My newsletter article this week:
Over the last couple of months I have immersed myself in a fresh reading of scripture texts, both from the Bible and from non-canonical sources like the Gospels of Thomas and Mary. I have also been re-reading some scholarly commentaries, all in preparation for my pre- and post- Easter messages on the communities of Jesus.
I always enjoy this reading, and I enjoy sharing what I know (and don't know) with both the Bible study group on Wednesdays and the congregation on Sundays. I think it is important for us to have a good knowledge of these scriptures. They form the core of our both our Christian and our Western heritage.
But I come away from these readings realizing once again why I am a progressive Christian. I am a Christian, first, because I was raised in a Christian environment and immersed from childhood on in the stories of Jesus. As an adult I have come to appreciate and chosen to appropriate the way of Jesus as my way. Jesus as I understand him is the guiding force in my faith expression. Although, I have also come to learn, appreciate, and appropriate teachings from other religious traditions as well.
This helps identify me , I suppose, as a progressive or liberal Christian. I do not think there is only one "true" spiritual path.
But getting back to the reading of Christian scriptures, I come away realizing once again that I do not share the worldview of the writers of the scriptures, or even of Jesus. They lived in a world where demons and spirits were a part of everyday reality. People could die and be raised from death. Emperors and saviors could be born to virgin mothers; no human father required. God could and did intervene in history to bring floods, miraculous healings, devastating destruction.
I am completely comfortable understanding that this was part of their worldview. Just as I am completely comfortable understanding that when they talked about sexuality they had no understanding of sexual orientation as we understand it today. The bible reflects this very different worldview through and through. I don't feel the need to apologize for it or try to explain it away.
But it is not a worldview that I share. I am at home in this modern or post-modern world that I have been raised in. I accept the scientific worldview as I understand it with regards to evolution, the scientific and historic methods of inquiry, the marvels of modern medicine, and the de-mythologizing of our world. (There is no devil making people do bad things or God who is going to bring a firestorm down on San Francisco.) My world is non-magical, but still plenty enchanted with mystery and wonder and beauty.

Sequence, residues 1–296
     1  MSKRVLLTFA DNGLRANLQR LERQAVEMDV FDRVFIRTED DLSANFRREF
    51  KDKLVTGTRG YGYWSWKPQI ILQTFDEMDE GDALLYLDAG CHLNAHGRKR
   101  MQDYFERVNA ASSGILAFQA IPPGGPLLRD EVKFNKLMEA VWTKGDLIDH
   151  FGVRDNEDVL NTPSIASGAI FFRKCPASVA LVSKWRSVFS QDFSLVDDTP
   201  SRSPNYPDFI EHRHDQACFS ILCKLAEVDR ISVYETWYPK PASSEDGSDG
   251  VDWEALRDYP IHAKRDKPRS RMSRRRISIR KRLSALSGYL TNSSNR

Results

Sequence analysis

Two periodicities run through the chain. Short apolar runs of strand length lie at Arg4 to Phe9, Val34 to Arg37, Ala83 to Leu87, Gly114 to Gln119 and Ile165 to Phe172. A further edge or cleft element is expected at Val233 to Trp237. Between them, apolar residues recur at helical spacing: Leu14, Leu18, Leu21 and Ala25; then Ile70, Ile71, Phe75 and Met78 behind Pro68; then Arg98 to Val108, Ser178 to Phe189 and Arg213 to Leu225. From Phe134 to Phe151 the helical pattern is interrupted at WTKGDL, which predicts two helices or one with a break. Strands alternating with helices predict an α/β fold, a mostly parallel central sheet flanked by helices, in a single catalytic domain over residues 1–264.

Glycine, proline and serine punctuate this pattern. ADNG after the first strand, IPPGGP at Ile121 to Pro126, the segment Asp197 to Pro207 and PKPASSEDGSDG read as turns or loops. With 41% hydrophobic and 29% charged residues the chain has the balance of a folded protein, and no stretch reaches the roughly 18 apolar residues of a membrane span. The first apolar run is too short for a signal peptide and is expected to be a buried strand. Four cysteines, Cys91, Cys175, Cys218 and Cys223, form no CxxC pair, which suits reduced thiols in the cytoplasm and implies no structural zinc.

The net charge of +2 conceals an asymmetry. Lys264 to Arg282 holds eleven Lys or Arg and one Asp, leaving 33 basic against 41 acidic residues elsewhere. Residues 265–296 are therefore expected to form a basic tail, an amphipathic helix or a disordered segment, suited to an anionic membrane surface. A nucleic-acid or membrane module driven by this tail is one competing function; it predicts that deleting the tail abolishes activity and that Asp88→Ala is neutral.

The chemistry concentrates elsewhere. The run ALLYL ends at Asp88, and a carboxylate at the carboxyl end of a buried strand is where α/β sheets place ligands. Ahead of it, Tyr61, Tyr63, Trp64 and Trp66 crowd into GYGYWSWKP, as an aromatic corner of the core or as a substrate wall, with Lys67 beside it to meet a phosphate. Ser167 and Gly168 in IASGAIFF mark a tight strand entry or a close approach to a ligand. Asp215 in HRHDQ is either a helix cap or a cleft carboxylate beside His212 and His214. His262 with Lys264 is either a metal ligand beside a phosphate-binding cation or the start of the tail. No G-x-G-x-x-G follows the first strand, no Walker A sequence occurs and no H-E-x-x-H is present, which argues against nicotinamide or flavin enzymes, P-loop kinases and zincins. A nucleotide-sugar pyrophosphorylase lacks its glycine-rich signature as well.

For this reason the Bible is not the last word for me on truth or life or even God. It is the first word. It is where I begin because it helps me understand my spiritual heritage. It also chronicles for me some of the great leap-forwards in spiritual insights in the history of humanity - in the works of the prophets for instance - and it gives us the life-testimony and teachings of Jesus, one of the most authentic spiritual leaders in history. The Bible also offers profound insights into the human condition (something that hasn't changed much in thousands of years), and plenty of stories as examples of the very best and worst of it on display.
But knowledge about our world and the way we think about God continues to unfold. Revelation is progressive. As we evolve individually and as a human community, the horizon continues to unfold before us. For this reason we will never be able to know all there is to know, another pre-modern notion. The more we know the more we realize how little we know. There is no way in the world Moses or Jesus or Paul or the biblical writers could have spoken the (God's) last word from their point in history and their worldview on events unfolding thousands of years later. As the UCC likes to say: God is still speaking.
So I thoroughly enjoy reading, studying and learning about, the Bible. It is always where I begin thinking about my spiritual journey. It is where I return again and again for reflection and touching base. But it may not always be where I end up. I am a progressive Christian.